Alternative fuels need more backing from EU states, says panel

This article is part of our special report Rural Energy.

A debate organised by think-tank Friends of Europe concluded that there was a need for a co-ordinated approach to alternative fuels from all stakeholders and politicians, particularly at member state level.

As global energy demand is expected to grow in the next decades, Europe is faced with rising public concerns over energy dependence from outside regions and environmental issues. Road transport is under particular strain in this respect as it lies at the intersection of sometimes conflicting interests between the commercial and competitiveness requirements of road freight and vehicle manufacturers and issues such as public health, traffic congestion and climate change.

In this context, alternative fuels appear like a possible 'silver bullet'. The question remains as to which ones will gain support from stakeholders across the board, including vehicle manufacturers, green activists and public authorities at all levels. 

Alternative fuels currently competing for support include LPG (Liquid Petroleum Gas), BTL (biomass-to-liquid), hydrogen and the diesel substitute DmE (dimethyl ether). However, they need to meet a whole range of expectations coming from consumers (performance, safety), suppliers (distribution, network) and manufacturers (costs, attractiveness, performance). 

Policy-makers speaking at this Friends of Europe debate tried to give an assessment of those fuels from a "well to wheels" perspective.

Speaking for the Commission's Environment DG (Unit Air, Noise and Transport), Peter Gammeltoft said the technologies were "of secondary importance" but should be considered as "a means of achieving an objective," namely combating climate change. However, he added that alternative fuels were not in a position to become widely available any time soon and admitted that fossil fuels were "likely to dominate the picture for many years to come". "There are a number of promising fuels out there", but if one is to take the lead, he said "we need to regulate". He cited the EU's biofuels directive as a useful instrument but warned that biofuels were "not a panacea". "They can make us progress but we need to look at other alternatives". "I don't see at the moment any way of forcing this issue on anybody," he added. "What we can do is provide [tax] incentives, even if it's a cent per litre."

This was not a view shared by Paul Hodson, from the Commission's Transport and Energy DG. "There is one fuel that we are certain will be on the market, it's biofuels," he said. "We don't know when", he argued, but as oil prices continue to go up and stocks continue to decrease, "we will end up adopting them". In his opinion, biofuels are "dead easy" to develop, and "don't really require major adaptation to cars," he argued. Moreover, he argued, they offer opportunities to poorer countries and offer EU farmers alternative sources of income.

Green MEP Satu Hassi, vice-chairwoman for the Parliament's Environment Committee, insisted on the necessity to find carbon neutral solution as climate change is "the biggest threat to our civilisation". Pointing out that transport is currently the sector where "[CO2] emissions are increasing more rapidly than in any other sector", she suggested giving incentives to industry by including transport in the EU's CO2 emissions trading scheme.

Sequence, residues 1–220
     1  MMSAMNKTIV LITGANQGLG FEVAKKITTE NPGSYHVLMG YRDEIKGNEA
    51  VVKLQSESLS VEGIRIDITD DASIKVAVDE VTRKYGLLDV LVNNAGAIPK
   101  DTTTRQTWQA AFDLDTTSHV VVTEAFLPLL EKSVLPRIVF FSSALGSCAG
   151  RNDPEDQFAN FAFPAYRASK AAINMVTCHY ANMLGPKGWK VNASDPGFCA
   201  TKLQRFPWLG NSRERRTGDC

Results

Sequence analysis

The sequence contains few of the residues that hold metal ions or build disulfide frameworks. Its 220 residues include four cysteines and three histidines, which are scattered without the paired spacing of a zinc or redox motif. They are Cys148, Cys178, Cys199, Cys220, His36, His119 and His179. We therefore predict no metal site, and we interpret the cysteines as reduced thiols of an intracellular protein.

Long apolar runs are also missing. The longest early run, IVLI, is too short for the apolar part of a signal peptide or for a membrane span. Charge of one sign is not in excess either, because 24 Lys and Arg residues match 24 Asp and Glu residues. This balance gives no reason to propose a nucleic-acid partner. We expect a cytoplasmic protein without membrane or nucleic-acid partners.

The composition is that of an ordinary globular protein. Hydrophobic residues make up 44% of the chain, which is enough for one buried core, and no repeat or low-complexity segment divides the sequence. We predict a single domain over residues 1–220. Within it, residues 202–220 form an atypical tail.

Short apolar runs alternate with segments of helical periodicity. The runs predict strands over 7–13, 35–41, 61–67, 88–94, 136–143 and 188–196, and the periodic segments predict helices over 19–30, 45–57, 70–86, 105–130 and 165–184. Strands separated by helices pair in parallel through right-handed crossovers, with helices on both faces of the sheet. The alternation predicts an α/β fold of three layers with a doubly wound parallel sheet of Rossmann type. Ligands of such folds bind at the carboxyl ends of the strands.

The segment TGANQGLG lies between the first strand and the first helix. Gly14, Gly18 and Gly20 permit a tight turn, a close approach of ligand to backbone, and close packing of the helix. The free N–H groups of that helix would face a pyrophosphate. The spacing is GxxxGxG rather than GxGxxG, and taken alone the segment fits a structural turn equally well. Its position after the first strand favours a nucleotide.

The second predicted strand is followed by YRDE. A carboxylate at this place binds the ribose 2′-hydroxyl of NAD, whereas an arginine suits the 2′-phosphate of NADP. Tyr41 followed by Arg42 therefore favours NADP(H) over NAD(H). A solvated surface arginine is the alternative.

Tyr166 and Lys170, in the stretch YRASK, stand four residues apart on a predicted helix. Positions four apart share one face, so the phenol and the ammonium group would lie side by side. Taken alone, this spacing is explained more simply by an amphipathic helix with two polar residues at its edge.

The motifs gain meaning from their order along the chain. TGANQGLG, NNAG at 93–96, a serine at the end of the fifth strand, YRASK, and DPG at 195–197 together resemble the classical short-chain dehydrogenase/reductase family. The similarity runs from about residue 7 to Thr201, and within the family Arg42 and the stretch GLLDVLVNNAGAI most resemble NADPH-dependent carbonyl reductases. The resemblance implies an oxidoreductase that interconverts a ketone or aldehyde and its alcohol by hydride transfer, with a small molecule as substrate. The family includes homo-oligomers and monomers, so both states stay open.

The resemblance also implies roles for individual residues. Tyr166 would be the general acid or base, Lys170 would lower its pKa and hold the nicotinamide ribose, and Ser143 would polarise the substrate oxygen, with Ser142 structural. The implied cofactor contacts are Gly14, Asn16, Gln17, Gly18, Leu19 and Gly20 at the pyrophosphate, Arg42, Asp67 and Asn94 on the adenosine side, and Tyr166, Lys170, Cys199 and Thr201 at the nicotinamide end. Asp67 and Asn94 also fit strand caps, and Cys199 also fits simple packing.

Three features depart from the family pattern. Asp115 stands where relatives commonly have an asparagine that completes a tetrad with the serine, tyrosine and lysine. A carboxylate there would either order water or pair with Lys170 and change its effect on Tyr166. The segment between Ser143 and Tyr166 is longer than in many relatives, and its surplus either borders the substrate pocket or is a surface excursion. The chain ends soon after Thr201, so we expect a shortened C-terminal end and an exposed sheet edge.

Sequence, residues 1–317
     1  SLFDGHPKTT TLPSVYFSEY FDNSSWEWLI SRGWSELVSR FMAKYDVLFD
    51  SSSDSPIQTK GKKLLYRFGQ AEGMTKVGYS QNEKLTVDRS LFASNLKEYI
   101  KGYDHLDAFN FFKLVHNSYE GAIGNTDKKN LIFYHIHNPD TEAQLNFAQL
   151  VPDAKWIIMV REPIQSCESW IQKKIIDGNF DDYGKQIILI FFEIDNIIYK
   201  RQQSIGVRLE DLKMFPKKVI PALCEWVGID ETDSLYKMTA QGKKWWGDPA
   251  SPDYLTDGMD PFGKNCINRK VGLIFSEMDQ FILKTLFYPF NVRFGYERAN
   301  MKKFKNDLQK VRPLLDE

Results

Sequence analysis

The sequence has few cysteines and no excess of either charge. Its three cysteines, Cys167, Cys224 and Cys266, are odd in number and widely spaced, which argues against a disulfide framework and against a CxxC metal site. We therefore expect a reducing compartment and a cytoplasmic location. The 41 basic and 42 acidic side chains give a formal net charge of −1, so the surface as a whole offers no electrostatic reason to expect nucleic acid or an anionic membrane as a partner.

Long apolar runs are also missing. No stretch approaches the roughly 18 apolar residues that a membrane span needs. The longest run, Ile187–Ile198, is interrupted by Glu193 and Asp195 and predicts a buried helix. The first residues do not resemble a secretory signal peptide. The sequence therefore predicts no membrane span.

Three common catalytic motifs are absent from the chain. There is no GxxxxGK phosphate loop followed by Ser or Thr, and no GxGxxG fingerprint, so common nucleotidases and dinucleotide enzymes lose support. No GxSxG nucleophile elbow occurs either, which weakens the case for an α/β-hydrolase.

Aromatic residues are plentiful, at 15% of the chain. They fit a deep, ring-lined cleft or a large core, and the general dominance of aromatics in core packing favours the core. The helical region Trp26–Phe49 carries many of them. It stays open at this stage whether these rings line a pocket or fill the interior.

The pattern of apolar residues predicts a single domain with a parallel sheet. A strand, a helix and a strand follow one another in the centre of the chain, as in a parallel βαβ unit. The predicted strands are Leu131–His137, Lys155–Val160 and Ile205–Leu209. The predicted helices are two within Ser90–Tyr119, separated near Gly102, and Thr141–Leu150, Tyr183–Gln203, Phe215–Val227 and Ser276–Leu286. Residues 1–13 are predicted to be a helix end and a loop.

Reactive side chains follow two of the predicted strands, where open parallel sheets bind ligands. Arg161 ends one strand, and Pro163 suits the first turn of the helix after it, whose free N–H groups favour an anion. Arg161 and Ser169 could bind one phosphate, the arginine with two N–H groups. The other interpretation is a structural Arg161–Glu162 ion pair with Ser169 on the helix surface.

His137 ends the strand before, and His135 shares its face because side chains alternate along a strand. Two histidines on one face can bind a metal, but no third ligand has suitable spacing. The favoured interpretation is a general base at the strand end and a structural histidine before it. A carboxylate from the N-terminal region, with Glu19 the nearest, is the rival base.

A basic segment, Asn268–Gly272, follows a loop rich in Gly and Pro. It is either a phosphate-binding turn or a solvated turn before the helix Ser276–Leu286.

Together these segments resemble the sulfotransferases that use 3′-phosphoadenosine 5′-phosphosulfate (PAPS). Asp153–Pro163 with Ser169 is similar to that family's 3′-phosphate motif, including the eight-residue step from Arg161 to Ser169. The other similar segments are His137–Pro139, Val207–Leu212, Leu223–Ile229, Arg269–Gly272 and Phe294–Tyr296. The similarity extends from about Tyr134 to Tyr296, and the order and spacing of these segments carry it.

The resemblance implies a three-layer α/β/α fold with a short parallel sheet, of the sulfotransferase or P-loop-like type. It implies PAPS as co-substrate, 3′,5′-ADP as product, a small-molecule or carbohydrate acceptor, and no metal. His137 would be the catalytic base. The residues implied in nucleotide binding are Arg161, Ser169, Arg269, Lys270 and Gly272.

The head of the Automotive Unit at the Commission's Enterprise DG, Reinhard Schulte-Braucks, drew attention to the newly created   CAR21 high-level group to boost the competitiveness of the car industry. One of the group's tasks, he said, will be "to develop a sustainable automotive industry in Europe", including the promotion of greener vehicles and the development of new technologies, most prominently the fuel cell. 

Concerning biofuels, he expressed scepticism: "If we want to promote an alternative fuel that is relatively expensive, we must convince finance ministers of practically all member states to provide tax incentives," which currently appears a challenging task. However, he suggested that Europe "might need legislation for the distribution of alternative fuels," which could include the security aspects associated with distribution at filling stations. 

Schulte-Braucks also expressed scepticism concerning hydrogen vehicles, which according to him, can not be marketed before 2020. He also downplayed the success of hybrid (oil-electric) vehicles currently being marketed by Japanese makers as being "clearly not as attractive" as conventional cars.

Peter Danielsson, Environmental Manager, at Volvo spoke in favour of the diesel substitute DmE (dimethyl ether) being developed by his company. DME, he said, "can build the bridge between fossil fuels and biofuels". He said he would like to see more research and funding efforts made on biofuels in the Commission's next research programme, FP7. Market forces, he insisted, are the best to choose between alternatives.

Ivan Hodac, Secretary General of the European Automakers Association (ACEA) pleaded in favour of a global solution, not just a European solution. "We cannot make the EU car industry less competitive with respect to the US or Japan due to environmental protections. […]Alternative fuels are in the stage of infancy. We need incentives for such new fuels but there also must be market acceptance - the consumer must buy the product and cars must be safe".

A debate organised on 17 January by Friends of Europe in association with vehicle manufacturer Volvo assessed the situation of alternative fuels in Europe. The debate, entitled "Fuelling tomorrow's road transport: from well to wheels", was moderated by EURACTIV's Editor-in-chief Willy De Backer.

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